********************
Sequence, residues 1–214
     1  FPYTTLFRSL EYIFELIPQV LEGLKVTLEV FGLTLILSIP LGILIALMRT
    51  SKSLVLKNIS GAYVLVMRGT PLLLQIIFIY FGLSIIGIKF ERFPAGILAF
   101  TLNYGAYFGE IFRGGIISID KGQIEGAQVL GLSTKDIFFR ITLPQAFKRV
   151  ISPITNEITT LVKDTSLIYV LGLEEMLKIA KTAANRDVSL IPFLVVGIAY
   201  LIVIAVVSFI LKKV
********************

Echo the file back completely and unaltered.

Sequence, residues 1–214
     1  FPYTTLFRSL EYIFELIPQV LEGLKVTLEV FGLTLILSIP LGILIALMRT
    51  SKSLVLKNIS GAYVLVMRGT PLLLQIIFIY FGLSIIGIKF ERFPAGILAF
   101  TLNYGAYFGE IFRGGIISID KGQIEGAQVL GLSTKDIFFR ITLPQAFKRV
   151  ISPITNEITT LVKDTSLIYV LGLEEMLKIA KTAANRDVSL IPFLVVGIAY
   201  LIVIAVVSFI LKKV